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[TowerTalk] I shot an arrow into the air.....

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Subject: [TowerTalk] I shot an arrow into the air.....
From: (Jim Jarvis)
Date: Tue Aug 5 18:45:58 2003
KE3Q's narrative, causes me to wax poetic on the same topic


(guilty parties identified....boy, I wish we'd have taken
that picture when I wanted to!)

I've been using fishing arrows as hoists for the last 10 plus
years, most of them in Vermont, with 140' trees.

In mid-December, I was snaking my 160 meter Carolina Windom over
the 140 foot white pine which was midway in its span...and needed
to run to the hardware store for something.

WJ1Z (sorry, Bob) was helping, and we were using his compound
bow.  There was 2 foot of snow on the flatroof of my home...and
to be helpful while I was running the errand, Bob shot an arrow
over the tree.  Now, they never go precisely where you want them...
something inevitably gets in the way...and he decided to pull it back
and set up a better shot.

So, here comes the arrow, over a branch 100' in the air....a bit of
back tension, flipping end over end before finally stabilizing.
Point down, straight at my house.  The snow fine-tuned the arrow's aim,
right into the membrane roof.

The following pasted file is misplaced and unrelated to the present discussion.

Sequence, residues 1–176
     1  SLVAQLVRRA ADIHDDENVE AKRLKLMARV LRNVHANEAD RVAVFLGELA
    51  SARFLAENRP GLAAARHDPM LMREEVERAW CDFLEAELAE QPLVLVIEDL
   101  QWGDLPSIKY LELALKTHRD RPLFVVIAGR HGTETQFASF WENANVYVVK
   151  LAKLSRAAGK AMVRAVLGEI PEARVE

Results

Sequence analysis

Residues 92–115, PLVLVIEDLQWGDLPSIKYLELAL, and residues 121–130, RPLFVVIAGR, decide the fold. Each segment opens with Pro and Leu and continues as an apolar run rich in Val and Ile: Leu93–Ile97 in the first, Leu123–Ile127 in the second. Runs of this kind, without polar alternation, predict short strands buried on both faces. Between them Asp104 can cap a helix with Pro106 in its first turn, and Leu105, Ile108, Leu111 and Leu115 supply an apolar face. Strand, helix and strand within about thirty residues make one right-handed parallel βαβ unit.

I got back from the hardware store only to be met by Bob with a sheepish
expression on his face...and an offer to pay for the damage.

(trocal roofs are easy to fix.  We shovelled it off,  dried it off,
and patched it with rtv and duct tape.  Didn't replace the temporary
patch until mid-summer, when the roofer could get there.)

But therein lies the tale....this stuff is dangerous!  It could as easily
have been someone's head.   As I write this, I have a fishing arrow hanging
from an oak tree over my MD driveway...the game tracker string broke and
tangled around a branch.  One day, we're going to shoot a car, I suppose.

And then there was the time we were working on the FRC club repeater, and
Bill Smith dropped a wrench from 120'.  It passed about 6 inches from my
shoulder, and buried itself in the ground.  I NEVER work under towers
now, ALWAYS wear hardhats, and always run my hoist lines through a pulley
and away from the tower, so ground crew is standing clear.   Having safety
ties on all tools would be a good idea, too.


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